The end result of the research program proposed here will be molecular manufacturing systems capable of producing macroscale quantities of molecularly precise diamondoid structures. Nanofactories or molecular assemblers will make possible the manufacture of fundamentally novel products having the intricate complexity currently found only in biological systems, but operating with greater speed, power, reliability, and, most importantly, entirely under human control. Here are a few examples:
Molecular Electronics and Molecular Computers. The manufacture of computer chips for data storage and computation will undergo a profound change. There are fundamental limits to further improvements in conventional lithography, the current process for chip manufacture. If improvements to computer hardware are to continue at the present pace, in a decade or so lithography must be replaced by some new manufacturing technology. Designs for computer logic elements composed of fewer than 1,000 atoms have already been suggested – but each atom in such a small device has to be in exactly the right place. Nanofactories or molecular assemblers could build these devices. A 1 cm3 block of diamond contains more than 1023 carbon atoms, enough to build and connect more than 1018 computer logic elements. With machine-phase nanotechnology, we should be able to build mass storage devices that can store about 100 billion billion bits of information (~1 million copies of the Library of Congress) in a volume the size of a sugar cube – a billion times more than today’s desktop computers. Massively parallel computers with a 1 cm3 core (if properly cooled) should likewise deliver about 1000 billion billion instructions per second – a trillion times more than today’s desktop computers. Both achievements would represent a phenomenal acceleration of the standard Moore’s Law curve by many orders of magnitude.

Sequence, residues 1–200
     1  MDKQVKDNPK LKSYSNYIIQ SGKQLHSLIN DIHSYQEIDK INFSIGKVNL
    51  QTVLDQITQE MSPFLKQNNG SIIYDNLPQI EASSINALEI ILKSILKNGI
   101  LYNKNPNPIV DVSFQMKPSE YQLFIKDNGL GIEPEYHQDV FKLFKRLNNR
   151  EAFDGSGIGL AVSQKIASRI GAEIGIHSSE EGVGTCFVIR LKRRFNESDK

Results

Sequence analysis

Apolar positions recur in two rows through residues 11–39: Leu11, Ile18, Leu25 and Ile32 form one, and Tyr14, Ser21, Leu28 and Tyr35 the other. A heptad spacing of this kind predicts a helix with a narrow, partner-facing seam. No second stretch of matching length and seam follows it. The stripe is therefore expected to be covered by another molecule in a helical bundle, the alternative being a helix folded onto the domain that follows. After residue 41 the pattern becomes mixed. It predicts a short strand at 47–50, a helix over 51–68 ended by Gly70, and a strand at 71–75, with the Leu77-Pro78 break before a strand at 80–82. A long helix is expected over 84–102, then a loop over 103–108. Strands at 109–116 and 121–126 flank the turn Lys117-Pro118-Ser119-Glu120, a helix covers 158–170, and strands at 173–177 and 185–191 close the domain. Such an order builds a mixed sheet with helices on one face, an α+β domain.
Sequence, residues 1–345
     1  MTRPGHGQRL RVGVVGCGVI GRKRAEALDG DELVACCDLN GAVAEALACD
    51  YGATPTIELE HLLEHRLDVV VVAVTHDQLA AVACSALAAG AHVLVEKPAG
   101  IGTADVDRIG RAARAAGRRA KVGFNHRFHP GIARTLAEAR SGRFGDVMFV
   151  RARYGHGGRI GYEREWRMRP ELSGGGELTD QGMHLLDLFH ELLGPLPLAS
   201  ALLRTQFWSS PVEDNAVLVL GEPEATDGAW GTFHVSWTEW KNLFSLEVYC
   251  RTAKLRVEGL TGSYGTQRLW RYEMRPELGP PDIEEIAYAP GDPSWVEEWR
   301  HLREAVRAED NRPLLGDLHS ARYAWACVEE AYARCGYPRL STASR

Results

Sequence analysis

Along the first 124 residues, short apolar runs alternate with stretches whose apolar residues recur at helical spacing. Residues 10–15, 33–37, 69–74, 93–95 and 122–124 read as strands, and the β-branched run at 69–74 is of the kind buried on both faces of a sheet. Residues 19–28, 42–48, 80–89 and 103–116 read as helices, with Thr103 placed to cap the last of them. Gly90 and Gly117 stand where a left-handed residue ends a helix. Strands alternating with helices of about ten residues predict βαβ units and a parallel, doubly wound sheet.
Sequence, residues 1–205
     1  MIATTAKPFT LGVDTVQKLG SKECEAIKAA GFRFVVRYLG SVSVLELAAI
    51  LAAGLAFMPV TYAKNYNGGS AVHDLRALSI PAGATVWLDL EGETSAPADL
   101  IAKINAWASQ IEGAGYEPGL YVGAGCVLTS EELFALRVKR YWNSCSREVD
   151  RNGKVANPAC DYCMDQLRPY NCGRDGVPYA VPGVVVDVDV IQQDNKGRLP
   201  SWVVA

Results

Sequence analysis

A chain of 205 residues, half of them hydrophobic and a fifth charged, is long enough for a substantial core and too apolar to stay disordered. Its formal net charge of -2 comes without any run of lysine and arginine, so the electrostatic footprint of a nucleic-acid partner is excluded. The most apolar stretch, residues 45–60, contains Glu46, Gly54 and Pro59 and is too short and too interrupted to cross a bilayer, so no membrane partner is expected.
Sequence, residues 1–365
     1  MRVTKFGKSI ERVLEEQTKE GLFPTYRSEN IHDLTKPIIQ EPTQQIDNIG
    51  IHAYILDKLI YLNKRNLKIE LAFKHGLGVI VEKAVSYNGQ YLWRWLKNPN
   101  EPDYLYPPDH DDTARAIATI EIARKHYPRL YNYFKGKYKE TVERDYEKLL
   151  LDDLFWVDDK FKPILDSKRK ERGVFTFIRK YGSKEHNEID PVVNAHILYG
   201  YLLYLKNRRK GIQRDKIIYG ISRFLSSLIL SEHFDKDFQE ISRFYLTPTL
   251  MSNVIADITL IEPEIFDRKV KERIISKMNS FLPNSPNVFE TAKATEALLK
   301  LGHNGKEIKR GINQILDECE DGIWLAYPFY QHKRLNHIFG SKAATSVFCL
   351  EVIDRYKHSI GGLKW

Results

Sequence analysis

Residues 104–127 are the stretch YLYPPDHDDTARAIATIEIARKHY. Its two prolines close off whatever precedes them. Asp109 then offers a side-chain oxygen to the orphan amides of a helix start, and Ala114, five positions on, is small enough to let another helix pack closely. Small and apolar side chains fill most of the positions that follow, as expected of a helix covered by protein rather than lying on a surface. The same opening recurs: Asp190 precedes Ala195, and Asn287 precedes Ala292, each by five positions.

Diamond is an excellent electronic material. It outperforms silicon in several key respects. For one thing, electrons move faster in diamond than in silicon. More importantly, as chips get faster and faster, their performance is limited by the need to dissipate heat generated in the circuitry – and diamond can work better than silicon at high temperatures. Diamond has this advantage for two reasons. First, diamond has greater thermal conductivity than silicon, allowing heat to exit a diamond transistor more quickly. Second, the “bandgap” of diamond (5.5 electron volts) is larger than that of silicon (1.1 electron volts). The bandgap is the minimum amount of energy required to boost an electron from its relatively immobile state into the semiconductor’s conduction band, where the electron moves freely under the influence of a voltage. As temperature increases, more electrons gain the energy needed to jump into the conduction band. When too many electrons do this, the device changes from a semiconductor into a conductor; the transistor shorts out and stops working. Diamond’s higher bandgap means that it shorts out at a higher temperature.
Quantum computing is another area where molecular precision in the manufacturing process is likely to be essential. Quantum computers, if they prove feasible, will let us solve certain types of problems in a few days that conventional computers couldn’t solve in billions of years. Of greatest interest is factoring, a problem at the heart of modern cryptographic systems that has great commercial and national security implications. While it is still too early to say which of the many competing proposals for a quantum computer will prove most successful, it seems likely that the winning approach will benefit from greater precision in the manufacturing process. There is already one proposal which requires individual phosphorus atoms to be placed at specific lattice sites in a silicon or diamond crystal – something that today’s technology can’t do. Machine-phase nanotechnology is the obvious way to inexpensively build such remarkably precise structures.